Tuesday, May 17, 2016

Adderbury, Oxfordshire

Fishy (2)

I always think the best part of Adderbury church is the exterior. It has a glorious spire, some outstanding window tracery (much of it renewed during a Victorian restoration), and a riot of 14th-century carving running around the building at cornice level. I wanted to highlight just one of these carvings (although I hope to return to them in another post and feature some more), because Adderbury has the female counterpart of the mermen I included in my previous post about Anstey in Hertfordshire: a lovely stone mermaid, showing off her bifurcated tail.

This mermaid, although somewhat worn in the six hundred years or so that she’s been here, still clearly has long hair, the feature emphasized in the typical medieval portrayals of mermaids holding combs and mirrors, and like those attributes a symbol of physical beauty and vanity. But Adderbury’s mermaid holds no comb or mirror, her hands are occupied grasping the two branches of her tail, like the mermen of Anstey. The branches stretch outwards and upwards, to fit exactly the moulding that contains the carving, so that the mermaid feels perfectly at home in her place high on the church wall. For the people of Adderbury in the 14th century, she must have been a lovely and intriguing hint of life in a place of which they knew little: the far-distant sea.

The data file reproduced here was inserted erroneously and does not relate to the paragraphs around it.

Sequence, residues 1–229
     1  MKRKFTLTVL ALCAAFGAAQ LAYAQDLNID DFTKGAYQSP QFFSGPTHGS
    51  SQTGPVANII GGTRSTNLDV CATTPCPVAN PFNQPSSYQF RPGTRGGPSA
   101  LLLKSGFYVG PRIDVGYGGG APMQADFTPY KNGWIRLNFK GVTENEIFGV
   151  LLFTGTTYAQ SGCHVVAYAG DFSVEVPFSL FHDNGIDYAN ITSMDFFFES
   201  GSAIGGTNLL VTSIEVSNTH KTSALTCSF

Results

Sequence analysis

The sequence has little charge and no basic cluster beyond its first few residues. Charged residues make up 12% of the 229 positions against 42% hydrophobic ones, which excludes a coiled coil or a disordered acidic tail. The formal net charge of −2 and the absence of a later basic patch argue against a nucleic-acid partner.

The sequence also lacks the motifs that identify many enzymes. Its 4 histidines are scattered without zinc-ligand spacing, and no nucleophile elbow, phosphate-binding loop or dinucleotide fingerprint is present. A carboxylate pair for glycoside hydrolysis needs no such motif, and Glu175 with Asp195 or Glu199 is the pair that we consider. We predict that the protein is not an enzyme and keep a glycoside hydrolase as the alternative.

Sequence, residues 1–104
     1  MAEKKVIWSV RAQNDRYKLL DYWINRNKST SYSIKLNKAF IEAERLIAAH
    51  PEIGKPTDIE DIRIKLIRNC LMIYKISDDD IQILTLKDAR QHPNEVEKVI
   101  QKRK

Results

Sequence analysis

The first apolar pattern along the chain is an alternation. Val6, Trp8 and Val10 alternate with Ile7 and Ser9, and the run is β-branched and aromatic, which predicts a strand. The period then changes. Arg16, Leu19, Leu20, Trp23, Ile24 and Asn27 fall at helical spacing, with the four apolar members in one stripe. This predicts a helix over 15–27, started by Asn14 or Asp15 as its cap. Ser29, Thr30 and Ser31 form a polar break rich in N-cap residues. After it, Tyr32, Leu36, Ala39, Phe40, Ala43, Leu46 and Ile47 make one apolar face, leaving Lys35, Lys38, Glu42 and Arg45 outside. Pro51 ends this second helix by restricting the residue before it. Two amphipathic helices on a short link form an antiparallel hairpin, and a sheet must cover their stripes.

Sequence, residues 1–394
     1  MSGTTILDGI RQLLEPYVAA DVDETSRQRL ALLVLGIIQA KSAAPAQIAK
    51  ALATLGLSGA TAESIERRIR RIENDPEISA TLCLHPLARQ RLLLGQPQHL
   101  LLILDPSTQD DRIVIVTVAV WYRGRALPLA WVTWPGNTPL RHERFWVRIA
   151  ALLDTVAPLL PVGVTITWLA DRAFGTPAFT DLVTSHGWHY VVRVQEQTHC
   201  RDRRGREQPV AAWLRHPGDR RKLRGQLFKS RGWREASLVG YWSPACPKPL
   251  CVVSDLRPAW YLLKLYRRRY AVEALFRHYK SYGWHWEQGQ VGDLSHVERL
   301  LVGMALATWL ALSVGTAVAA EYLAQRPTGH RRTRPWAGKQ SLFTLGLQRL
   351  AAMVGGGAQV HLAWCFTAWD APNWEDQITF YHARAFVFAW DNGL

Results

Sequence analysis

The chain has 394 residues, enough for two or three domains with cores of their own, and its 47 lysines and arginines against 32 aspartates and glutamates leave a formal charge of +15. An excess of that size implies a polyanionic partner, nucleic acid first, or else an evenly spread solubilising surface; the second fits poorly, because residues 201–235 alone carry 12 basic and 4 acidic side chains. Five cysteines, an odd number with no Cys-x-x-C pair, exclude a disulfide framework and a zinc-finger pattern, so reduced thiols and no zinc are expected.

bazza said...

These last two posts have been so fascinating that I think I will research and write a post about Mermaids (and Mermen). There must be strong symbolism in any pictorial adornment of a largely illiterate age. Weren't the Sirens who called ancient sailors to their deaths mermaids? Anyway they must have been forgiven as they now even feature in the Starbucks trademark!
CLICK HERE for Bazza’s fabulous Blog ‘To Discover Ice’

Joseph Biddulph (Publisher) said...

Again, I'm not sold on the "symbolism" aspect. Nor do I think the citizens of Adderbury would have been unaware of the sea and its character - my own research into the Magnus inscription at Lewes now leads me to think that even an "illiterate" could HEAR (in Latin, French or Middle English) of a complex and various world that was possibly even less insular than our own Western-biased civilisation. 14th century authors refer to Classical writers so casually, I suspect that even the ordinary villager was more conversant with Greece and Rome than we generally are these days. And Gothic church architecture is no primitive thing either. How many e.g. village community centres and the like built these days would run to carved stone figures and spires, etc.? No, let's not be too hasty in pitying the cultural world of the 14th century!